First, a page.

There was a time when persons living with HIV were treated in somewhat peculiar ways, considering that they had a transmissible, incurable and (before the advent of antiretroviral treatment) invariably fatal disease. Some of the virus' chief modes of transmission -- injection drug use and anal sex -- led swiftly to stigmatization and discrimination towards carrying HIV, and therefore public health agencies, governmental organizations, and advocacy groups stressed the need to protect HIV-positive persons. Initially, when there was no effective treatment, there was no great push to have members of 'at-risk' populations tested: testing (it was argued) would increase stigmatization without real compensating benefits. Whenever testing was done, there was elaborate concern about preserving the confidentiality of the tested person, given the possible social consequences of being outed as HIV-positive. The ethical hand-wringing around HIV testing only started to decline, after two significant biomedical innovations: the development of means to prevent mother-to-child transmission of HIV, and the discovery of effective anti-retroviral treatment. It is only recently that public health agencies have used somewhat more aggressive means to get people HIV tested, such as 'opt-out' testing of pregnant women in hospitals. What makes all this peculiar is that transmissible, incurable and fatal diseases generally have not been handled with such delicacy and restraint in the past. Even epidemics of transmissible and curable diseases -- like tuberculosis and syphilis -- led past governments to invoke laws and ordinances strongly limiting personal autonomy for the good of society. From a public health perspective, HIV/AIDS has been treated exceptionally, i.e. there has been a greater stress on personal autonomy and human rights when tackling it than has been typical for diseases of this type and magnitude.
Against this background, an opinion piece and a recent news item caught my eye this week. In the Bioethics Forum, Udo Schuklenk argues
that some HIV transmissions ought to be criminalized. The kinds of transmissions he is thinking of are clear-cut cases where a person, who knows he or she is HIV-positive, engages in unsafe sex with his or her partner, and the latter becomes HIV-infected as a direct result. Schuklenk is not worried (rightly) that criminalizing this sort of HIV transmission is stigmatizing or discriminatory to the perpetrator: knowingly exposing another person to HIV infection is just plain wrong, and the general concern about the human rights of HIV-positive persons shouldn't obscure the fact. HIV-positive persons need certain kinds of protection as well as access to prevention, care and treatment -- but they are not above the law.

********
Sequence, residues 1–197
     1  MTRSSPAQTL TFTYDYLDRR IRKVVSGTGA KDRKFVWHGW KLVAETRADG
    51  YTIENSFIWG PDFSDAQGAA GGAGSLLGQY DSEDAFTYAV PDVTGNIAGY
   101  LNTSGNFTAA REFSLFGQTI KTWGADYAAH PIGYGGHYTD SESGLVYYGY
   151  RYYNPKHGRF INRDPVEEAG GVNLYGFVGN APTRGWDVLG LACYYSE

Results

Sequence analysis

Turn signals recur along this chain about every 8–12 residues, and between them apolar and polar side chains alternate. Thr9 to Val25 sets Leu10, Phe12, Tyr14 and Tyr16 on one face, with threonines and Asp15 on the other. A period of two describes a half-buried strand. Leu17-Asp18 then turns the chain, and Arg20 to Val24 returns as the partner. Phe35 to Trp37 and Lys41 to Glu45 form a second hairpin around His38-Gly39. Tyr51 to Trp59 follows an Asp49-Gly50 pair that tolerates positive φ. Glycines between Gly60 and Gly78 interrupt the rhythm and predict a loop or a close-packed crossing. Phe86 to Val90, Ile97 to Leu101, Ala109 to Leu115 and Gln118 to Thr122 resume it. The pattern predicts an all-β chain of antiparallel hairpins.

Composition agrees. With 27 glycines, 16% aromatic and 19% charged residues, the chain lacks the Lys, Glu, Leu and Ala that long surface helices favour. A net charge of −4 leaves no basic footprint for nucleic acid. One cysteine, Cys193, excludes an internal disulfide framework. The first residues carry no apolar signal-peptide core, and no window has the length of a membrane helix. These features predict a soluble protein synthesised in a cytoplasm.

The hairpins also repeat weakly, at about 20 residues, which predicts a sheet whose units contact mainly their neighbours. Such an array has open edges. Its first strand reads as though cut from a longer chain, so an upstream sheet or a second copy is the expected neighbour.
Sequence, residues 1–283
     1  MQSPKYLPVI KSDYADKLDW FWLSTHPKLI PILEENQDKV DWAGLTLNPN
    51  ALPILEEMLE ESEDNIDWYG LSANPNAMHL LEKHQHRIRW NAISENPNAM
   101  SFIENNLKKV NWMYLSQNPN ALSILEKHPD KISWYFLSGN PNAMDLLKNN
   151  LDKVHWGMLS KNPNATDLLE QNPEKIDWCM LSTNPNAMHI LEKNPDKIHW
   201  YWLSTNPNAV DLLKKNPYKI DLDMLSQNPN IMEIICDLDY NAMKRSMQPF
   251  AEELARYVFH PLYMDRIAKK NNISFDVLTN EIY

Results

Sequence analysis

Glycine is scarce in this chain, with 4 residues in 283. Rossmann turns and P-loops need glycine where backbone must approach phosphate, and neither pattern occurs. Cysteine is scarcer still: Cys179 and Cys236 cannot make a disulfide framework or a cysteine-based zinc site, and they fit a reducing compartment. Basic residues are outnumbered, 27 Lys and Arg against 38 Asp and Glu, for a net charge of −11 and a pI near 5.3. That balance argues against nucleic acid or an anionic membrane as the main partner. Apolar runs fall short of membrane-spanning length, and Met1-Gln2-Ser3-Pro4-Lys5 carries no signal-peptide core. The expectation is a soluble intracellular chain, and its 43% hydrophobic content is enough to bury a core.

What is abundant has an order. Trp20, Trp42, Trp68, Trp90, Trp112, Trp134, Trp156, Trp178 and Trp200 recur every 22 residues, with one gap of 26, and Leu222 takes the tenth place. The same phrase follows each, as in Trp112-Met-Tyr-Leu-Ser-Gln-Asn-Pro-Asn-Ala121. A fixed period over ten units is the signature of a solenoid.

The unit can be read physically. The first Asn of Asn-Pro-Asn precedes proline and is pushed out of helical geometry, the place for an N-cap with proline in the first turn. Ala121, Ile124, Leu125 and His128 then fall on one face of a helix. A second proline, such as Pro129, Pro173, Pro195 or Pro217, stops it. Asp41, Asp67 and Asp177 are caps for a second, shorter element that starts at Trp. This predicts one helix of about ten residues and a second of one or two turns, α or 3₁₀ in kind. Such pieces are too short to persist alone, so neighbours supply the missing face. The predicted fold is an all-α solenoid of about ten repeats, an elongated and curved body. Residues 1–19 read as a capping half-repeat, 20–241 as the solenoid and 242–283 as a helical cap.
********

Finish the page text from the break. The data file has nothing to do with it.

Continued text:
Compare with this: in the small province of Papua in Indonesia, a bylaw has been proposed to involuntarily implant microchips under the skin
of certain HIV-positive persons. Which HIV-positive persons? Those which are deemed 'sexually aggressive', i.e. those who are suspected of knowingly having the disease and actively spreading it intentionally to others. The microchip -- in some science fiction twist -- is supposed to track and identify the suspected person's sexual behavior. The proposed legislation stipulates that those found guilty of infecting others would be liable to a $5000 fine or six months in prison. This approach, of course, is a radical departure from 'AIDS exceptionalism'. The kid gloves are off: Indonesia has a growing HIV/AIDS epidemic, so let privacy be damned.
In some way, these two stories are related. One could say that the Indonesian proposal is merely a matter of being proactive: if intentionally infecting people with HIV is wrong, then we should have accurate tracking systems for 'suspect individuals' in order to control their behavior and prevent infections, as well as faciliate evidence-based judgments of criminal guilt when an infection occurs. But it seems ethically desireable to distinguish (a) criminal punishment of those who knowingly infect others with HIV from (b) invasive surveillance of individuals who allegedly might knowingly infect others with HIV. (a) is an expression of common sense and basic justice, whereas (b) has no clear public health or legal justification, and seems a step towards an Orwellian nightmare.
Labels: bioethics, HIV